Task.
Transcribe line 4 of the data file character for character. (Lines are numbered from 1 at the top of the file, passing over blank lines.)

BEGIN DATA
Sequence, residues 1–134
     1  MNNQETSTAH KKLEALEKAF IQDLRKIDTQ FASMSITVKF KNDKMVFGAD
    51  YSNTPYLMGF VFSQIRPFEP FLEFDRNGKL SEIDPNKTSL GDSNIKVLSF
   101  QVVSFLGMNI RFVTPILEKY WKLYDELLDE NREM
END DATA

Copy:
   101  QVVSFLGMNI RFVTPILEKY WKLYDELLDE NREM